SIP exists to guard the OS against unauthorized changes. Disabling SIP will allow attacks on the foremost vulnerable parts of your OS, resulting in a corrupted startup disk. But if you would like your NTFS drives to be automatically mounted in read-write mode, you’ll get to disable SIP.
Note: You won’t be ready to follow the steps once you are disabling SIP, so you better print out the instruction or open this text on another device.
- Restart your Mac and hold down Command + R immediately until you see the Apple logo.
- Open Terminal from the utility menu.
- Type within the command line: csrutil disable.
- Hit Enter.
- Reboot the Mac.
Step 6: Read and write to NTFS on Mac.
- attend Finder > Applications > Utilities > Terminal.
- Type within the following command line:
sudo mv /sbin/mount_ntfs /sbin/mount_ntfs.original sudo ln -s /usr/local/sbin/mount_ntfs /sbin/mount_ntfs
- Hit Enter.
Note: it’s recommended that you enable SIP after you finish using NTFS drives on Mac to protect your Mac. To enable SIP, you only have to follow step 5, run instruction csrutil enable in Terminal window, hit Enter, and restart the Mac.
If you’re worried about the risks of disabling the SIP, you’ll also manually mount NTFS drives with full read-write access using extra command lines without disabling SIP.
All the steps below happen after you’ve installed Xcode, Homebrew, FUSE for macOS and NTFS-3G.
Step 1: Open Terminal window, run the subsequent Command to make a mount point:
Sudo mkdir /Volumes/NTFS
Step 2: Connect NTFS drives to Mac and run the subsequent Command to list NTFS partitions:
Step 3: Find the names of NTFS partitions within the IDENTIFIER column.
Step 4: Run the command: sudo /usr/local/bin/ntfs-3g /dev/disk3s1 /Volumes/NTFS -olocal -oallow_other(remember to exchange disk3s1 with the identifier of your NTFS partition).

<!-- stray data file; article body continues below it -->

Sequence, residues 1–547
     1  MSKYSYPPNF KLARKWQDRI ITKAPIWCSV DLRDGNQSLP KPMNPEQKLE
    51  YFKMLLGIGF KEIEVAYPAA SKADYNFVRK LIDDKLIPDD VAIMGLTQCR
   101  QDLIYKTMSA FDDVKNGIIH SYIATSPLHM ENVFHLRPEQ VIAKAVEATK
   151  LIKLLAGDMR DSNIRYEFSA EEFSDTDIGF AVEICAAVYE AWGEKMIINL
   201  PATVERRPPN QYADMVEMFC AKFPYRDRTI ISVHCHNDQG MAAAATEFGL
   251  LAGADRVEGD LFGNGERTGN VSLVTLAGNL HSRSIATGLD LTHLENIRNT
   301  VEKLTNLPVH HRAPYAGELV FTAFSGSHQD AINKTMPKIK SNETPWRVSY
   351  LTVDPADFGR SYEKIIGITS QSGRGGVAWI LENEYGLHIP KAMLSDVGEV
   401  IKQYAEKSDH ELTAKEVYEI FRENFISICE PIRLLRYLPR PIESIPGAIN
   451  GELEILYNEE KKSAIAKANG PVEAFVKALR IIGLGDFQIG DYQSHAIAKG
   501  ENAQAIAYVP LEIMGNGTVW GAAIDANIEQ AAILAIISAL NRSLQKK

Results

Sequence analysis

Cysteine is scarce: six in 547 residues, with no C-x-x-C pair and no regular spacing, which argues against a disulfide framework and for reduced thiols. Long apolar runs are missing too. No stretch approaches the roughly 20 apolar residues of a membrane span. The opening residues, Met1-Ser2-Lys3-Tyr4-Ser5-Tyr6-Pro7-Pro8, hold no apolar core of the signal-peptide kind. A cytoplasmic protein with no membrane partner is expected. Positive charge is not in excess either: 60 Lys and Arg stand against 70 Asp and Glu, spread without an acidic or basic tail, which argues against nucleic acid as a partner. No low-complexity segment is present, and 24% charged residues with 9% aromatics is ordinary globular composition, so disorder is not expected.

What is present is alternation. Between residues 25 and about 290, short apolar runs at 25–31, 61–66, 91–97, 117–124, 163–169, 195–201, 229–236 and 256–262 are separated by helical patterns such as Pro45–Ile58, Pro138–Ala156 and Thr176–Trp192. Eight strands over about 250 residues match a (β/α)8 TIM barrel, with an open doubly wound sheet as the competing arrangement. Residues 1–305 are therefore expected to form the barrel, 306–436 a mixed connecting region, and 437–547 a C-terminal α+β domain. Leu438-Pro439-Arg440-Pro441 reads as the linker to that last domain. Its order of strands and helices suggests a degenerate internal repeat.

Use a paid NTFS driver to write to NTFS drives on Mac
Commercial NTFS for Mac software is far more reliable and safer to use. They won’t invite root permission for installation by disabling SIP so that there’s no potential of injuring Mac OS. The write speed and file transferring speed of paid NTFS mounters is quicker than free ones also. NTFS write support seems to exist natively on Mac because users won’t feel any noticeable delay when sharing files between NTFS drives and macOS.
Let’s take iBoysoft Drive Manager as an example.
iBoysoft Drive Manager is one of the best paid NTFS for Mac drivers available alongside Paragon and Tuxera. It can enable NTFS to write support natively on Mac. Besides an NTFS mounter, it can easily manage multiple USB flash drives, SD cards, memory sticks, SSDs and HDDs. Additionally, it supports adding network drives (FTP and SFTP) within the drive list by providing server address, user name and password. The network drives are going to be mapped as local drives for easier access and management.
The installation instructions are simple, and therefore the tool is straightforward to use:
Step 1: Download iBoysoft Drive Manager.